New Online Exhibition Surveys Futuristic Weird Body-Enhancing Wearables

Surface Tension exhibition wearables
Surface Tension

The fashion industry is consistently adopting new technologies to further the possibilities of what we can wear. However, in 2021, designers aren’t interested in making smart clothes that do things we don’t need, such us, remind us when we’ve forgotten our keys. Instead, they are looking at the potential of new materials to positively affect the human body, according to a new digital exhibition called Surface Tension.

Read more Smart Underwear Takes Health Tracking to the Next Level

The exhibition is co-curated by researcher and designer Rosie Broadhead and writer & artist Wilson Oryema. Surface Tension “argues that technological advancements in clothing design shouldn’t just turn us into cyborgs, but proposes that the future of wearable tech is holistic,” reports Vice. Both Wilson and Rose believe that the clothes we wear should not be for decoration and protection only but they could influence what goes on within our bodies.

Surface Tension is like a digital gallery, where you can walk through like in a video game. It features 17 wearables created by scientists, designers, artists or medical doctors which can positively impact both its wearer and the environment. “It’s all about healing the body in some way,” Rosie explains, “so there’s some biological element to all of them”. Rosie is the founder of SKIN SERIES, a brand that looks at the potential of using probiotics within fashion design — a 3D model of the brand’s ‘Seaweed Encapsulated Baselayer’ which can aid in cell regeneration and reduce inflammation is included in the exhibition.

“We’re worried about what is in our food, what is in our skincare,” Rosie continues, “but we need to start asking, ‘What is next to our skin?’” After all, everything that we come in contact with affects our microbiome (the bacteria, fungi and other tiny microbes which live on and in us), so why shouldn’t this be brought into consideration when designing clothes?

Here are some of the stuffs featured in the exhibition:

Biometric Protector

DOES Pharma presented a family of products with the aim of protecting the most important features of our body towards our identity recognition. “Our products provide the perfect protection for keeping your body features as recognizable as possible towards your body surveillance functionality. Available in a variety of sizes, colors and designs and produced with non pH-damage materials, we offer a collection of products that work towards your daily biological uniqueness protection,” DOES Pharma says.

Their products include:

  • Tongueprints Biometric Protector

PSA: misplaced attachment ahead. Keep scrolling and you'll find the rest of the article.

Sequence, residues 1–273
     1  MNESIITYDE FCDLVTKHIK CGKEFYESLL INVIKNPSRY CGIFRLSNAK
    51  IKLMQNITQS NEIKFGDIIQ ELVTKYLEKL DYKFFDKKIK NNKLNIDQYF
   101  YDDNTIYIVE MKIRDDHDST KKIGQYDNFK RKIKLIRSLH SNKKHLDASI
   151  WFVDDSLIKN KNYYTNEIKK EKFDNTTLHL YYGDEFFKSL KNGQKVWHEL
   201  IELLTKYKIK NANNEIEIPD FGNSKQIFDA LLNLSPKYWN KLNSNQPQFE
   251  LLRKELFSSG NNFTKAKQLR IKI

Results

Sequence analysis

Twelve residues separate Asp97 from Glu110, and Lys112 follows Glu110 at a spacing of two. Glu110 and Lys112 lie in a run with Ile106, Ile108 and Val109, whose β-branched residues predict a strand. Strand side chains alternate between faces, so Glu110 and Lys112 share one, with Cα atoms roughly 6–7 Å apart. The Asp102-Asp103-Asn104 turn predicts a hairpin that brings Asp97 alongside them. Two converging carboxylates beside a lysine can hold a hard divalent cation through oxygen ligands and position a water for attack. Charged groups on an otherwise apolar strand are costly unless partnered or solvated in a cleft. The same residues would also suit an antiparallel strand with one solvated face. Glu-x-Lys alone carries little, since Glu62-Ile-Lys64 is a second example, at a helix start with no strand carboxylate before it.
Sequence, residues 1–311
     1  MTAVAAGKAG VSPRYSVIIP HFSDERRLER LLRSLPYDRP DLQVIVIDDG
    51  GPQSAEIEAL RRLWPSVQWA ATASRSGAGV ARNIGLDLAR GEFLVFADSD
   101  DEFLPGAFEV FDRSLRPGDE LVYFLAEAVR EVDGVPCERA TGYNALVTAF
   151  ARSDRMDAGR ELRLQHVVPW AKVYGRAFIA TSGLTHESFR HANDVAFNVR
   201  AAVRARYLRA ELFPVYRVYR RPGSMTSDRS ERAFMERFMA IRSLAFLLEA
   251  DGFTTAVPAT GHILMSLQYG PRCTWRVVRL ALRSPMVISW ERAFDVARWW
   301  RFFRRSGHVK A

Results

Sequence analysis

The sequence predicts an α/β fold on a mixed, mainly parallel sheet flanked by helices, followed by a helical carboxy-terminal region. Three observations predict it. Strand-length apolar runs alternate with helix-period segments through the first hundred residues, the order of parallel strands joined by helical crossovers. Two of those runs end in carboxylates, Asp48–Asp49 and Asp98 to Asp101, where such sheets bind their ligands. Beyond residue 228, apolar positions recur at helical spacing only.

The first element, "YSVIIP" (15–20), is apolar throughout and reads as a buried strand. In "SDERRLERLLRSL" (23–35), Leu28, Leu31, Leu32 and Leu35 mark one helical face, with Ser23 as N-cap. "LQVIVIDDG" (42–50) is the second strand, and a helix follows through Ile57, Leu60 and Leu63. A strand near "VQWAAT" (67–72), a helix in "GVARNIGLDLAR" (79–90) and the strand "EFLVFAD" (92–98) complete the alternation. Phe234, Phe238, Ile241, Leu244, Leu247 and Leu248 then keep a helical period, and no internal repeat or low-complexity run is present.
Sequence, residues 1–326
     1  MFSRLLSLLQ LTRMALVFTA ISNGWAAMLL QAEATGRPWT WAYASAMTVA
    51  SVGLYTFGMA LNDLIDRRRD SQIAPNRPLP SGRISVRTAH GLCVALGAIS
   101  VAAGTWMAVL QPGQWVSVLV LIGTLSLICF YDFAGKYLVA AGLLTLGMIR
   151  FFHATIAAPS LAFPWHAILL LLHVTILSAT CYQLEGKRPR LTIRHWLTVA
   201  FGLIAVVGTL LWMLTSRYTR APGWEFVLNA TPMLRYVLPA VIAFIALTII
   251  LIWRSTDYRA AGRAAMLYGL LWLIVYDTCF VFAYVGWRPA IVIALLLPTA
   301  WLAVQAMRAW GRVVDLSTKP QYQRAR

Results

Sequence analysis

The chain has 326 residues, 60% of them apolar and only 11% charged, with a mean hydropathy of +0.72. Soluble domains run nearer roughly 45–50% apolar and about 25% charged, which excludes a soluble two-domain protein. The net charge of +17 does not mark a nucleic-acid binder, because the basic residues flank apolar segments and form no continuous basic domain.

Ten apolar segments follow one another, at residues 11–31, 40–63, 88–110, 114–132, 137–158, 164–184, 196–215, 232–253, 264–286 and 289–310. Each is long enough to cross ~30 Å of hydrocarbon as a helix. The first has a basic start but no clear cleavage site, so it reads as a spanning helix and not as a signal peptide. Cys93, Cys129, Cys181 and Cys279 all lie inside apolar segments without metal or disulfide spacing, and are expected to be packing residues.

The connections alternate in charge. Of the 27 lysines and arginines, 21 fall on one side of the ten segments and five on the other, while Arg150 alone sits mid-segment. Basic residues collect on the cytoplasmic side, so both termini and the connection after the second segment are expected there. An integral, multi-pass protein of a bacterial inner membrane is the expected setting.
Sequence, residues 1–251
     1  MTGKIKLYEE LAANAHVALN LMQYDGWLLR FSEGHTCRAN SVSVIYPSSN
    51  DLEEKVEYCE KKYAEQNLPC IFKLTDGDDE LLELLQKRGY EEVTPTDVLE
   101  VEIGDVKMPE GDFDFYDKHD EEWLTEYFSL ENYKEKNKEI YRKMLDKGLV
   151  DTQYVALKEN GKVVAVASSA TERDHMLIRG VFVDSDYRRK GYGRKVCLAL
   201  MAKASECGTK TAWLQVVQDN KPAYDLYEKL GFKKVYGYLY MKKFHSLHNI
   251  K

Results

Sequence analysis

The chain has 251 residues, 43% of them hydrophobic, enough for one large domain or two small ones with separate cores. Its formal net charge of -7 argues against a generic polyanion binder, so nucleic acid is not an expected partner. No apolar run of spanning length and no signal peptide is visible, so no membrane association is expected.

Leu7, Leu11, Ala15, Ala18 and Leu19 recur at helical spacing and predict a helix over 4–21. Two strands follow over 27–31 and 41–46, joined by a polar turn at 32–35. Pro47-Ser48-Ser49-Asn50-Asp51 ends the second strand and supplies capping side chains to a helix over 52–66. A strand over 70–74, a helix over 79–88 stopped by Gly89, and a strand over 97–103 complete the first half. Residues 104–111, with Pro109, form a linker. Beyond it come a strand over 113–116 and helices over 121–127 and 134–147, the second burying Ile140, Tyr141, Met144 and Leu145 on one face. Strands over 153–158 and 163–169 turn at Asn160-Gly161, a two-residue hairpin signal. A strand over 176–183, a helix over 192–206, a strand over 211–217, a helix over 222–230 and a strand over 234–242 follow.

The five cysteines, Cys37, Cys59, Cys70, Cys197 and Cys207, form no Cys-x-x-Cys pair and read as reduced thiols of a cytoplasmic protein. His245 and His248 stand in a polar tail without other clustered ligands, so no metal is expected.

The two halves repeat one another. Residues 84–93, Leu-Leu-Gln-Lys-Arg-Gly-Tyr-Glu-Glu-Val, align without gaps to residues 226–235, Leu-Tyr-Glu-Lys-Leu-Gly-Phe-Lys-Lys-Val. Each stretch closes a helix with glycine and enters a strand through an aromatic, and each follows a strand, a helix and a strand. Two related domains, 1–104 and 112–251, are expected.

• Fingerprints Biometric Protector
  • Ears Biometric Protector
  • Iris Biometric Protector
  • Anus Biometric Protector
  • Nosepores Biometric Protector

ALMA Smart Underwear

A person wearing an underwear
Surface Tension

ALMA Smart Underwear is a non-invasive tool designed to monitor vaginal health. When symptoms occur, a female will use the underwear in order to identify what type of infection is coming. The biosensor placed in the gusset of the underwear, measures pH and other biomarkers present in vaginal fluid. The data is accessible to the user through the phone and if necessary the app directly connects to professionals for medical support.

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Entangled by Marion Lasserre

Entangled is a design and material research project investigating the potential of integrating future materials and microorganisms into the 3D printing process with the aim of creating novel footwear. The project research explores how materials for 3D printing (flexible resins, biomaterials) impact the skin over time and what could be done, by using the 3D printing technology to improve foot health. Traditional shoe making processes still use glues and agents which will be toxic overtime for makers and the environment.

Mechanical Counter Pressure (MCP) Glove

This MCP glove was designed, tested, and validated for space operations by Final Frontier Design for NASA in 2015-17. The design of the glove compresses the skin at a pressure necessary to maintain cardiovascular function in the vacuum of space. The MCP glove design includes restraint lines of Spectra running from the fingertips, down each finger, along the palm, and to the wrist to control human and pressure loads.  Adjustable pressure on the skin is realized through inflatable pockets running from the fingertips to the wrist and donning and doffing is allowed through two diagonal zippers along the wrist, reinforced with lacing.

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Cathy Russey
Cathy Russey () is Online Editor at WT | Wearable Technologies and specialized in writing about the latest medical wearables and enabling technologies on the market. Cathy can be contacted at info(at)